On the evolution of cattle maintenance and husbandry from the 1st to the 13th century, in Cologne

Hubert BERKE

de Anthropozoologica 25-26 - Pages 405-412

Published on 01 June 1998

This article is a part of the thematic issue Proceedings of the 7th ICAZ International Meeting, Constance, September 1994

The domestic cattle of the Rhineland in pre-Roman times had an average shoulder height of 105 to 115 cm. Starting with the Roman occupation, due to the importation of larger animals and selective breeding, there is an increase in size to 140 cm. The knowledge and success of the Roman breeding traditions were lost at the beginning of Medieval times when the Franks introduced their own smaller animals. From the 6th to the 9th century these animals increased in size due to the good pastures available around Cologne. Because of the intensification of agriculture in the 10th century, the richer soils were unavailable for pasture and smaller cattle (90 to 105 cm) became dominant. Wider trade in the 12th century brought larger cattle again to Cologne.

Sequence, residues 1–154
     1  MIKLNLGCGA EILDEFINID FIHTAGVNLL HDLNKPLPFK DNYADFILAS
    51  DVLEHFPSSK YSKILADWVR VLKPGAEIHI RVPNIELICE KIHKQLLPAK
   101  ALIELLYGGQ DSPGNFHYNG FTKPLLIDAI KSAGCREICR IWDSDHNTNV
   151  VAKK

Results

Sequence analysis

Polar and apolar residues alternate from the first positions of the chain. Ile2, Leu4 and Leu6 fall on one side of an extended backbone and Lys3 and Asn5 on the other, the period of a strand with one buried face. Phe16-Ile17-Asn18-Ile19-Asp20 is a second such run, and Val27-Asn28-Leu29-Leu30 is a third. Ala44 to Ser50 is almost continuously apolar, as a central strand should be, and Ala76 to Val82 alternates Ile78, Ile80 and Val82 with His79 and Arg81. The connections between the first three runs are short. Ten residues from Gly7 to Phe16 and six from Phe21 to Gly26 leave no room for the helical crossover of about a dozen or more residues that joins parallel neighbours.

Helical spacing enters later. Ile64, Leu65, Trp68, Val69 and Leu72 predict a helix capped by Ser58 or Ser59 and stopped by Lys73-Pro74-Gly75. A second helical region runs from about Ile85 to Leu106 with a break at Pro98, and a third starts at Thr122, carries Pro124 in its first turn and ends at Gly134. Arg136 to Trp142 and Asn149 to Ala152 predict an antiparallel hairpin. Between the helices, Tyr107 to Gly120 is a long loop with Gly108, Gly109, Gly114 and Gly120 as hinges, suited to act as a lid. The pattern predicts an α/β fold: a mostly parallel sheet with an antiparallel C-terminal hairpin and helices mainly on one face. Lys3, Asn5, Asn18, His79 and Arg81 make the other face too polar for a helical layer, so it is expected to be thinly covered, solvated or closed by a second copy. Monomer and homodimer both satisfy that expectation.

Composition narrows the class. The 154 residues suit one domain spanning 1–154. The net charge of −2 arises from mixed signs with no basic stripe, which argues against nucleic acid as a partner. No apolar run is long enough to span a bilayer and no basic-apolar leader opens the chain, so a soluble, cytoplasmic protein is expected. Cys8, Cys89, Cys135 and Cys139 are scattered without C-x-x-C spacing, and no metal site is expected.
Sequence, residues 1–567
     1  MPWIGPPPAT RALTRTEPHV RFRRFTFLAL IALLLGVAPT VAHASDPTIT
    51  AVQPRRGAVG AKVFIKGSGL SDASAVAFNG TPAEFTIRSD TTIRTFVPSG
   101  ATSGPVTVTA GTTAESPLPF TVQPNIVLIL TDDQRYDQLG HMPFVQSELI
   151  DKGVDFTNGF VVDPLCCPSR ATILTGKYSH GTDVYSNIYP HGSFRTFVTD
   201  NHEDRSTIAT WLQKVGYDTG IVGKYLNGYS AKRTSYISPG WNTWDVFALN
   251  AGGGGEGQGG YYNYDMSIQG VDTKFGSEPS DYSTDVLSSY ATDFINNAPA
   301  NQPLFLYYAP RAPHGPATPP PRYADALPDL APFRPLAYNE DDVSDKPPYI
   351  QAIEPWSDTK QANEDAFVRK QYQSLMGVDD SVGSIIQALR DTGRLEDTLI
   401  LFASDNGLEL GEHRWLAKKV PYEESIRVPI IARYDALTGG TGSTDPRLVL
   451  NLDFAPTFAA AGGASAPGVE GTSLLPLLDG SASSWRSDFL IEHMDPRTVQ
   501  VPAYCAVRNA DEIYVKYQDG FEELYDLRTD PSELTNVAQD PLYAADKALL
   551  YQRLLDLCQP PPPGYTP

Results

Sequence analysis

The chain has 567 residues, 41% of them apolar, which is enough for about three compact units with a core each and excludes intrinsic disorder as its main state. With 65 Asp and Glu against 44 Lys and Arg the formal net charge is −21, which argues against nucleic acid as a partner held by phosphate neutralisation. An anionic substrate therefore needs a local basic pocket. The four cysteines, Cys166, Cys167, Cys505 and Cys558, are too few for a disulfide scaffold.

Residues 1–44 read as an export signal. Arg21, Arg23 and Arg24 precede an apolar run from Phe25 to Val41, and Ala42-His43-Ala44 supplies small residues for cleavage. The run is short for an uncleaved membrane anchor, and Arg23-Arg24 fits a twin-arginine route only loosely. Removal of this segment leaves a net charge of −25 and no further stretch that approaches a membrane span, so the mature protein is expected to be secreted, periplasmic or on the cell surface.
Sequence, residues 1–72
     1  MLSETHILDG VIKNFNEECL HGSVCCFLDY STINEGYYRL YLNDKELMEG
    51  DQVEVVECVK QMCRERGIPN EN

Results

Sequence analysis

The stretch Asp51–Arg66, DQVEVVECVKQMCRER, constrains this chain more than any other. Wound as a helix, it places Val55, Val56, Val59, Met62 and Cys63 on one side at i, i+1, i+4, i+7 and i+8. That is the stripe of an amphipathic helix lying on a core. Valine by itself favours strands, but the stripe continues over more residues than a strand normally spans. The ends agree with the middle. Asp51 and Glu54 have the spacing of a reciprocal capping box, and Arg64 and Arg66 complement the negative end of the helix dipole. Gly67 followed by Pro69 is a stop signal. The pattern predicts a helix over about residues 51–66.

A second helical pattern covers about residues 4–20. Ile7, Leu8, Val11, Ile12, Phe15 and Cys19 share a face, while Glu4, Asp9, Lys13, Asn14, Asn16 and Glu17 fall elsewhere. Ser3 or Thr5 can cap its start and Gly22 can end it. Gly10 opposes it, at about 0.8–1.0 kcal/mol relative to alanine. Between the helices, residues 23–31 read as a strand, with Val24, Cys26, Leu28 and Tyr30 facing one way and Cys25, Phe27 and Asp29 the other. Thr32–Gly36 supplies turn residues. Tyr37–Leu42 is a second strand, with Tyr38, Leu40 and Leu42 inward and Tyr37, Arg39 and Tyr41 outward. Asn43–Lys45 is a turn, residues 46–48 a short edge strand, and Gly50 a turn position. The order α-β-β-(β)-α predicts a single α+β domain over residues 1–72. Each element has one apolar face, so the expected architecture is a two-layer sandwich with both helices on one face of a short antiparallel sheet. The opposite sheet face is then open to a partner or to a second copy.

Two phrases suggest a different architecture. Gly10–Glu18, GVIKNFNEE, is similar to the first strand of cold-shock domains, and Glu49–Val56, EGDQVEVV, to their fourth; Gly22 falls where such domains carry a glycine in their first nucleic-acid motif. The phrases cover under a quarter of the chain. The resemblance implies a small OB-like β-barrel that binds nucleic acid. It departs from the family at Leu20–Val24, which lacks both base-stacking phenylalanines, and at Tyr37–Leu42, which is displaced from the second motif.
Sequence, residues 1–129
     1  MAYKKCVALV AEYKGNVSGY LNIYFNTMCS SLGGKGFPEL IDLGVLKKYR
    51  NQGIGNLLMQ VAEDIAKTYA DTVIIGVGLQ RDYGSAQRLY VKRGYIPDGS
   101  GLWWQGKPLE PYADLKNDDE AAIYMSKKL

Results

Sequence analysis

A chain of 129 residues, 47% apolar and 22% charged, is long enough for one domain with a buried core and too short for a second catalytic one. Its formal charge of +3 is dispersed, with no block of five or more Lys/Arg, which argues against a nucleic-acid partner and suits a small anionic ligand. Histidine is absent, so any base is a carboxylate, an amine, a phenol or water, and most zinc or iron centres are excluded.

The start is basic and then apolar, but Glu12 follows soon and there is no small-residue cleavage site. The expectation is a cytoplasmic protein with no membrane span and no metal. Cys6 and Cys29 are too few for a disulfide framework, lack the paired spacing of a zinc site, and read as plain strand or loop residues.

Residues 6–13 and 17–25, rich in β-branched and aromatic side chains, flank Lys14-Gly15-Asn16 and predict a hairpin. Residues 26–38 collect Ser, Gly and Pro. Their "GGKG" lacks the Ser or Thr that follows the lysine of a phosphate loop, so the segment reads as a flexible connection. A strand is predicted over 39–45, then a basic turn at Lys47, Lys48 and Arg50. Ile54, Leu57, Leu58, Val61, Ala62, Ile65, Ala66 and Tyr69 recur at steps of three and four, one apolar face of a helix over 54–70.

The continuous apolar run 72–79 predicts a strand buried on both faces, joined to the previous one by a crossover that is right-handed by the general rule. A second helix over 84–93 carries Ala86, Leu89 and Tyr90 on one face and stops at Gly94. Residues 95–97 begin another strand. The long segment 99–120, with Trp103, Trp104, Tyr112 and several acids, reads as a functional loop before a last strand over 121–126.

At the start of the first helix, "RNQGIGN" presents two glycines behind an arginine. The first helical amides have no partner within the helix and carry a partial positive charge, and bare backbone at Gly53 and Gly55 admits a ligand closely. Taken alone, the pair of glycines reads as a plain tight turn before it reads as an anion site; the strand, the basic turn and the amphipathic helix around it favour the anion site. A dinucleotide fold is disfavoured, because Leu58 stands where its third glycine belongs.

Cattle, Cologne, Roman period, Medieval times.

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